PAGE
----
Ogden Raptors vs. Orem 34

Ogden's Lindquist Field show here on Thursday, June 20, 2019.

OGDEN — Ogden City is considering a new bond measure that would, among other things, fund a major lighting upgrade at Lindquist Field and pay for energy conservation projects around the city.

To fully understand the issue, a brief recap is needed.

In 1997, revenue bonds totaling $900,000 were issued to finance the acquisition and construction of the baseball stadium. In 2006, the bond was refunded and wrapped with additional bonds worth $2.87 million that went to the construction of the city’s Public Works building. In November 2017, the city issued another bond related to the stadium, totaling $3 million, which has been used to expand and renovate the facility.

The city administration is now proposing to refund the 2017 bond and is recommending an additional bond of $800,000 for the stadium lighting and other structural repairs, and one for $4.5 million to fund energy conservation measures at various city-owned facilities.

According to a letter sent to the city council from the administration, refunding the 2017 bond (which essentially involves issuing a new bond to pay off an old one, at lower interest rates) will save the city $200,000. The bond currently has an outstanding balance of about $1.8 million.

Under the administration’s proposal, the three bond items will be rolled into one transaction.

“With the need to finance new improvements and the fact that the existing bonds can be refunded for an economic savings, it makes sense to combine these bonds into one transaction,” the letter states.

The term of the new bond would not run more than 15 years and would be paid for with franchise tax revenues, which are typically charged to corporations.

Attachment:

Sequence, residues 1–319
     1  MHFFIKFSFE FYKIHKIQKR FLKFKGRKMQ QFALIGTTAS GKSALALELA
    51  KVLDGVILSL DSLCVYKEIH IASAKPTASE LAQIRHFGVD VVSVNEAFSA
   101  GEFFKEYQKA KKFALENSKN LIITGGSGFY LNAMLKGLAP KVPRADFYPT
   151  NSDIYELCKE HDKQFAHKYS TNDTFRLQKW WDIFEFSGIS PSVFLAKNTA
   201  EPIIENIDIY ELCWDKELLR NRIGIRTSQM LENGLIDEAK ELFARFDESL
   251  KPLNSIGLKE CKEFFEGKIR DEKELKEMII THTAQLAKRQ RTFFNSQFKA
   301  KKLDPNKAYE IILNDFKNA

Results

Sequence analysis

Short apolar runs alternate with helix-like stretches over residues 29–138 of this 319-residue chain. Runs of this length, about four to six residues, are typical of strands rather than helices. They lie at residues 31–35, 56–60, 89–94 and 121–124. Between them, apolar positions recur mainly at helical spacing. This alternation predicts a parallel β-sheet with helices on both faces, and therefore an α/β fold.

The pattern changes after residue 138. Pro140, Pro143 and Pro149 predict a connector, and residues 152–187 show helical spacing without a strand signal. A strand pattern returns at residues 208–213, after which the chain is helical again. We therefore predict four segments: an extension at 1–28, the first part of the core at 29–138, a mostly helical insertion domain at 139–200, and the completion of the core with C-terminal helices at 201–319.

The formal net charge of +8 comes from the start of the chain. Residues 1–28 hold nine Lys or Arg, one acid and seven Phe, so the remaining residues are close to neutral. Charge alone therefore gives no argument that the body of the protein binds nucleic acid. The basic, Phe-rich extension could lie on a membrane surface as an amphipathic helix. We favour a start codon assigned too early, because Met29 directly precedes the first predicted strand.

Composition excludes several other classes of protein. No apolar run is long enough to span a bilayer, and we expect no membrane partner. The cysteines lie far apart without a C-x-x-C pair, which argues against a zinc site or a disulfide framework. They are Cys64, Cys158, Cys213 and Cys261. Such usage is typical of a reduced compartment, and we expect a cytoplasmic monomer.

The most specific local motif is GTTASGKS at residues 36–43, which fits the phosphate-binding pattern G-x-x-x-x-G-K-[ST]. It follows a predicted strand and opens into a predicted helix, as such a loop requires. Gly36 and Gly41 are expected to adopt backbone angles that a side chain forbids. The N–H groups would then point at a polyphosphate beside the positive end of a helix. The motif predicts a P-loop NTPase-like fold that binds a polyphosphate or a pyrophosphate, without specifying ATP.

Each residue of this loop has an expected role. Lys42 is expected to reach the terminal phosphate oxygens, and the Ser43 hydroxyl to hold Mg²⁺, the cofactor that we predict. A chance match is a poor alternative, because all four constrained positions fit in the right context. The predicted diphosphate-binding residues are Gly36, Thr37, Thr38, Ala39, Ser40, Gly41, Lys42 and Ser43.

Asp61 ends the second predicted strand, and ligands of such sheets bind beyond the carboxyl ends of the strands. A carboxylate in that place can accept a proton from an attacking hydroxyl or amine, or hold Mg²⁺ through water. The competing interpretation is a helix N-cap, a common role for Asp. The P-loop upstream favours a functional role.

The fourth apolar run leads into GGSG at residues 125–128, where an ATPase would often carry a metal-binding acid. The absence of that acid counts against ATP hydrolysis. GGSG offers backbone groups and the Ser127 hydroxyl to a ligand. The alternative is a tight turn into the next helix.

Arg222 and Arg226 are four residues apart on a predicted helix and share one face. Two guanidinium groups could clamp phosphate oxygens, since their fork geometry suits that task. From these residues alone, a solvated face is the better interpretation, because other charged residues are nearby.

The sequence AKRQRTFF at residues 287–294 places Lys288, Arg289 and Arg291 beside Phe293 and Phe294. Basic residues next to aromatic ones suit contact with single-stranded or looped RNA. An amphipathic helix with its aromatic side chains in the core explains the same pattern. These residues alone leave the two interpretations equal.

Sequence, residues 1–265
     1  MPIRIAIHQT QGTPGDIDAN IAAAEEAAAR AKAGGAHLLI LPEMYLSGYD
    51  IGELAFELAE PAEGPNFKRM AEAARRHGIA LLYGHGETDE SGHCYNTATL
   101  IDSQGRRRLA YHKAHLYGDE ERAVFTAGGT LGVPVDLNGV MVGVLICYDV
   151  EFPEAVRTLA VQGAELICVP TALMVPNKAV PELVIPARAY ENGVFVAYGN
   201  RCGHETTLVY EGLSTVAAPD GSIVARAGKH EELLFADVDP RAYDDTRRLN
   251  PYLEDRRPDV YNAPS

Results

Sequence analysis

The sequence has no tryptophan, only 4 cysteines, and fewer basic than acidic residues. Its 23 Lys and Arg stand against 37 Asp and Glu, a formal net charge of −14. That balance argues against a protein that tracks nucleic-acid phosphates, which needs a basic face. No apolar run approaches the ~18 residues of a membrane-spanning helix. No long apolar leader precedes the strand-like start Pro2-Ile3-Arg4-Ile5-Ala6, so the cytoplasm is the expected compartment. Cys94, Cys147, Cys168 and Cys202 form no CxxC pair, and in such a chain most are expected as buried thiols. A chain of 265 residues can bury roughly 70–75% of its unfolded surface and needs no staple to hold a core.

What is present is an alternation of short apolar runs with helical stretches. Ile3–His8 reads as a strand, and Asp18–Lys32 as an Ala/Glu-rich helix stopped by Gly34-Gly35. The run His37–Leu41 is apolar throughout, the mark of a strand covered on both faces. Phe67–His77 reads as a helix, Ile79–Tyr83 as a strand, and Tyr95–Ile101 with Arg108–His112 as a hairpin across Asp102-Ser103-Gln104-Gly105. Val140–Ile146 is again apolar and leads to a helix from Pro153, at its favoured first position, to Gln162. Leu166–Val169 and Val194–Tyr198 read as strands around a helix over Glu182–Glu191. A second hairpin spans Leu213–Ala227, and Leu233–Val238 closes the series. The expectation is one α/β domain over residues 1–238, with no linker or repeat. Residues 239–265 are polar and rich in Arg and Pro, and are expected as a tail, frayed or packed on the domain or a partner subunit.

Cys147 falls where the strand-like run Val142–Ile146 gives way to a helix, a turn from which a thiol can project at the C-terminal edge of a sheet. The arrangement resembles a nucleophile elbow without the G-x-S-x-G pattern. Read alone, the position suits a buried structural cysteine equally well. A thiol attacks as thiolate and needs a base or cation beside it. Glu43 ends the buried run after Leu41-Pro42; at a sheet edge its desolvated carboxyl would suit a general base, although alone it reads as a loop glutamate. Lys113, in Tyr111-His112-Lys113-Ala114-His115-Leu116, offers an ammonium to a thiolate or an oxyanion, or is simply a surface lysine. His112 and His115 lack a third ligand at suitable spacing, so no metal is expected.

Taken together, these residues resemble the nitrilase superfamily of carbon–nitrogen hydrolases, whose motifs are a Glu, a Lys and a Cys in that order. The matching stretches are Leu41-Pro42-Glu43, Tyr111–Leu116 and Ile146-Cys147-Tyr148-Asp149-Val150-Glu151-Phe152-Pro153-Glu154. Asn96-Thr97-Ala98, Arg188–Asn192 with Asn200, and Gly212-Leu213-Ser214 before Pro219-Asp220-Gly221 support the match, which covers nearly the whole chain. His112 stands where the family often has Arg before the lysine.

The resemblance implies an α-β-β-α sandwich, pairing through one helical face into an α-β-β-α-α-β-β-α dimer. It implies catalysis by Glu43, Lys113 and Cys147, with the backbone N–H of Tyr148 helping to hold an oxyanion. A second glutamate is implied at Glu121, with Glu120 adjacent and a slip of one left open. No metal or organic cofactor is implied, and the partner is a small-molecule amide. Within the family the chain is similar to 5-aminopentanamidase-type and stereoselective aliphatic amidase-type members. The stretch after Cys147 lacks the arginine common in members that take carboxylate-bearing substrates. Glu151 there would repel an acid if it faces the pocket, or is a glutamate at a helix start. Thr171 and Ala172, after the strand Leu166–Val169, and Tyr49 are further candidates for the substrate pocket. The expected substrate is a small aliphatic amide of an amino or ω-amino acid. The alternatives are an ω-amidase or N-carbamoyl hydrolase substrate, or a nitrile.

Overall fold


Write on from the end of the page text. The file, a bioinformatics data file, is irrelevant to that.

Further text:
Gregg Buxton, Ogden City’s management services director, said city officials’ wish list of items to be covered by the bond was more than twice what it is now, which means plenty of work around the city will for now be left undone.

The energy conservation items includes things like boiler replacements, new air temperature sensors and thermostats at city facilities and more than $3 million in lighting upgrades, including all city-owned street lights.

As for the baseball stadium, Ogden Chief Administrative Officer Mark Johnson said the new LED lighting will bring the stadium up to minor league baseball’s minimum standard. Johnson said the stadium lights at Lindquist have not been up to code for several years.

“And we (Ogden City) pay the light bill,” he said. “So we will see the savings from the LED.”

Ogden City Engineer Justin Anderson said the stadium also needs structural repairs in certain where water is eroding concrete.

Johnson said the revenue bonds currently at play are different from general obligation bonds, which are legally required to appear on a ballot. According to www.municipalbonds.com (a company that provides research, data and education on municipal bond investments), revenue bonds are guaranteed by money that doesn’t come from taxes levied on ordinary citizens, like property taxes and sales taxes.

The Ogden City Council is scheduled to hold a public hearing on the bond at 6 p.m. Aug. 20 at the Ogden Municipal Building, 2549 Washington Blvd.

You can reach reporter Mitch Shaw at mishaw@standard.net. Follow him on Twitter at @mitchshaw23.

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